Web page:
What happened, he says, was a “perfect storm” of temperature extremes, hurricanes, a decline in sea urchins that had kept algae under control, and increased human activity along one of the world’s highest-trafficked coral reefs.
In 2007, Nedimyer founded the Coral Restoration Foundation, a nonprofit organization rooted in his daughter Kelly’s 4-H project. The father and daughter had experimented together to grow and transplant coral in partnership with the Florida Keys National Marine Sanctuary. Kelly’s project won second place in Florida—and became her father’s passion.
Today, the Key Largo, Fla.-based foundation operates eight underwater coral nurseries and has transplanted 4,500 hand-size staghorn corals and 30 elkhorn corals on the reef. This year, Nedimyer expects to plant 10,000 more.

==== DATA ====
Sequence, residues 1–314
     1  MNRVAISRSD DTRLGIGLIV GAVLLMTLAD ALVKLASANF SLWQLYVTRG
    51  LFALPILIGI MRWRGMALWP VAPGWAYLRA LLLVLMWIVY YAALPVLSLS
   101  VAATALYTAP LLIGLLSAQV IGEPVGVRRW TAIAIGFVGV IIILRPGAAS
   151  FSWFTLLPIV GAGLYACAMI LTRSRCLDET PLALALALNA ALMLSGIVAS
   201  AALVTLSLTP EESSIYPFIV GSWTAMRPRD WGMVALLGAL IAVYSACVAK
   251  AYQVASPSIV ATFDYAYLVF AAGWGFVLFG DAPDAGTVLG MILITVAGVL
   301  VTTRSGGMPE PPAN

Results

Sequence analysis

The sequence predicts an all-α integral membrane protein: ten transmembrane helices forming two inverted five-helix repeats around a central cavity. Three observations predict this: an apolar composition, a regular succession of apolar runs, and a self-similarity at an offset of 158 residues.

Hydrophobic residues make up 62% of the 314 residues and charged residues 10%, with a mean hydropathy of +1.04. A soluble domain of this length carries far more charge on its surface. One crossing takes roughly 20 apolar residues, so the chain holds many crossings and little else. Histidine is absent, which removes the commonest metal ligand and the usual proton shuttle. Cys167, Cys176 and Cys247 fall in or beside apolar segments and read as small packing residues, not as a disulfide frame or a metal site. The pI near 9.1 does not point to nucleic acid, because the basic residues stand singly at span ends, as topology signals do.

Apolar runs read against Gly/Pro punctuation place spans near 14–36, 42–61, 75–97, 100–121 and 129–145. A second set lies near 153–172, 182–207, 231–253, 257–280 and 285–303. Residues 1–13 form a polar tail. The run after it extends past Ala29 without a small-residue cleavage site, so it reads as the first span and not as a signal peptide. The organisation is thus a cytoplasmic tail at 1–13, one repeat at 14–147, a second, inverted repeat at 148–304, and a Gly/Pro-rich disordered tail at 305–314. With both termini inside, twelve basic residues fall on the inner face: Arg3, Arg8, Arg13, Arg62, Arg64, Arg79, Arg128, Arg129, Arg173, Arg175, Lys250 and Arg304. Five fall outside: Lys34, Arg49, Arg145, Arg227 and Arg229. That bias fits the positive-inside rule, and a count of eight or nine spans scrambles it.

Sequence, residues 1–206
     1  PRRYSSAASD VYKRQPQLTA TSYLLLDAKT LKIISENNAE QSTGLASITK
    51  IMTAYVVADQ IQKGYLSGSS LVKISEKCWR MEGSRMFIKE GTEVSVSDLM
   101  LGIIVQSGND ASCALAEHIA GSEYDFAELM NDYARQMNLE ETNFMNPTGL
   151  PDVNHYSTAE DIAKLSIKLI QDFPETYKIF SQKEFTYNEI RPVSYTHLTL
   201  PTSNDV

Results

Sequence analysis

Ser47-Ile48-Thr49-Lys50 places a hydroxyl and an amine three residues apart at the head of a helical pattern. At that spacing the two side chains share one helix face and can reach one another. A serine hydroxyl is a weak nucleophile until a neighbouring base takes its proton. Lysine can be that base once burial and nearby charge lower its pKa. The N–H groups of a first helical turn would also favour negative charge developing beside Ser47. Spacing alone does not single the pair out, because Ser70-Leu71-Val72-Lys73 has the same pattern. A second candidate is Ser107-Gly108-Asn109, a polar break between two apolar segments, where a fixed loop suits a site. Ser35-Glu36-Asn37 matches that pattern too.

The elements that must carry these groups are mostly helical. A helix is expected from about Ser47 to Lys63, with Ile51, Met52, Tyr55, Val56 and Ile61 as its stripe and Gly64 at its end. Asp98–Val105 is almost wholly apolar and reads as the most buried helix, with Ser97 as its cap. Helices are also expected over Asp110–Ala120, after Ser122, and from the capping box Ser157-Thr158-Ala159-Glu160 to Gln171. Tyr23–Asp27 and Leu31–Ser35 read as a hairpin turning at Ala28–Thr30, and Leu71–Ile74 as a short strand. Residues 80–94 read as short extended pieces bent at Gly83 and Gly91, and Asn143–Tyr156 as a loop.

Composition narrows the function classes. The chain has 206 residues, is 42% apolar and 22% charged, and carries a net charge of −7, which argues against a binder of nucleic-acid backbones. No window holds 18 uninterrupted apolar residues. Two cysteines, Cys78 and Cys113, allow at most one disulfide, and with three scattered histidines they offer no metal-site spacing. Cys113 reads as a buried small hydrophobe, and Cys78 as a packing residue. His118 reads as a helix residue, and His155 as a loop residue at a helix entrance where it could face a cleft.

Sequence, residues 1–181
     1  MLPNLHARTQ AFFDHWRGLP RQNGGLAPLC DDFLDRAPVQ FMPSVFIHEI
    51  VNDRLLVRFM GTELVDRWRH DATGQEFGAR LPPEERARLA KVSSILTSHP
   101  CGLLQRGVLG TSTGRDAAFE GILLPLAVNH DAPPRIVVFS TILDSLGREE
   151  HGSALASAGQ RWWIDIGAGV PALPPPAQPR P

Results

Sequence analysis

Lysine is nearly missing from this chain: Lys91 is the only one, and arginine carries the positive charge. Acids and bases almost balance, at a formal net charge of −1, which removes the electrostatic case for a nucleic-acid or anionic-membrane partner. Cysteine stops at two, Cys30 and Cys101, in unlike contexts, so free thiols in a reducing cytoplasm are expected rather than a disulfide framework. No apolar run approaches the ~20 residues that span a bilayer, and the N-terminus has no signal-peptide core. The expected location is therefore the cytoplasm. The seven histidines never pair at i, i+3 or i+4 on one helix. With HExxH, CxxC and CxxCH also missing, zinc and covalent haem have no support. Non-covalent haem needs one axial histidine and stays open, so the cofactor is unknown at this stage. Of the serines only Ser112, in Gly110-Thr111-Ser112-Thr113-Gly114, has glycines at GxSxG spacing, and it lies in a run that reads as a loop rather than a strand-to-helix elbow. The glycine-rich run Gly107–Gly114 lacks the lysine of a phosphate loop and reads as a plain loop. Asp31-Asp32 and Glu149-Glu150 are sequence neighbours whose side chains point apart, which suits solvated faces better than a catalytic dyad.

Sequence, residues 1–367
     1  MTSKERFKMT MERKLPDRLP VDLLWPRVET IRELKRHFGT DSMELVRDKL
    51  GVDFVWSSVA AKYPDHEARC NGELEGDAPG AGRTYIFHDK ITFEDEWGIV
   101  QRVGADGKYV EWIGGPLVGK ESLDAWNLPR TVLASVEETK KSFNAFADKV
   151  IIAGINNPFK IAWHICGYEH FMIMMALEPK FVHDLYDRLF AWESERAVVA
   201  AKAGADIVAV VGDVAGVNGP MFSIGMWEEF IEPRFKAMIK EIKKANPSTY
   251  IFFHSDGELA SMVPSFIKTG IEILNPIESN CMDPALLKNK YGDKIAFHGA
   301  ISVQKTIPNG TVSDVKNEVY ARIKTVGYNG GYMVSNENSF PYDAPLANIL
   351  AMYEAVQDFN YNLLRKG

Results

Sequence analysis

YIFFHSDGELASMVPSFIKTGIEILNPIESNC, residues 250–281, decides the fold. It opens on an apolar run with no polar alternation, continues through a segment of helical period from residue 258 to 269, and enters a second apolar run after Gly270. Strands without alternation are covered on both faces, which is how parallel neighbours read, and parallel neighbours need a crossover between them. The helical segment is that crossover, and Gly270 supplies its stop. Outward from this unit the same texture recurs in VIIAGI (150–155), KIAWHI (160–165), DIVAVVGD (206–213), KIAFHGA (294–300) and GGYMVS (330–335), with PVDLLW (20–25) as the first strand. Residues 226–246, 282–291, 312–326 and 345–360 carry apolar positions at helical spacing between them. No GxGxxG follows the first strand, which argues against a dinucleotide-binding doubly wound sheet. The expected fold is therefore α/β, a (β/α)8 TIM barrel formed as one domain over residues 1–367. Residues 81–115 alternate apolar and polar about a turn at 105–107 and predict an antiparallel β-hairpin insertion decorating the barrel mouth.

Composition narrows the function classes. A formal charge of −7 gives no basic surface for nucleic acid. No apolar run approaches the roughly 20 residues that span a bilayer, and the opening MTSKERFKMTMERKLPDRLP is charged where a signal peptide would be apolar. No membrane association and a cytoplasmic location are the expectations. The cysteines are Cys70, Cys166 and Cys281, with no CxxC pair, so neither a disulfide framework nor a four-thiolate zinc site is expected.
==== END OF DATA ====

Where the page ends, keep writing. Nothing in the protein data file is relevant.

“Corals are like the trees of the coral reef forest,” Nedimyer explains about the stationary marine organisms. “They provide a habitat for fish and other sea critters and a barrier to protect our shorelines, and they are a huge asset to tourism and recreation. It’s an important part of our ecosystem.”
Paddling for ocean protection
A mother of two young children and with a love for the ocean nurtured by her own parents, Margo Pellegrino was an “armchair conservationist” until her father died of a heart attack in 2004.
“It made me realize that life is short. You can’t wait to act,” says Pellegrino, 45, of Medford Lake, N.J.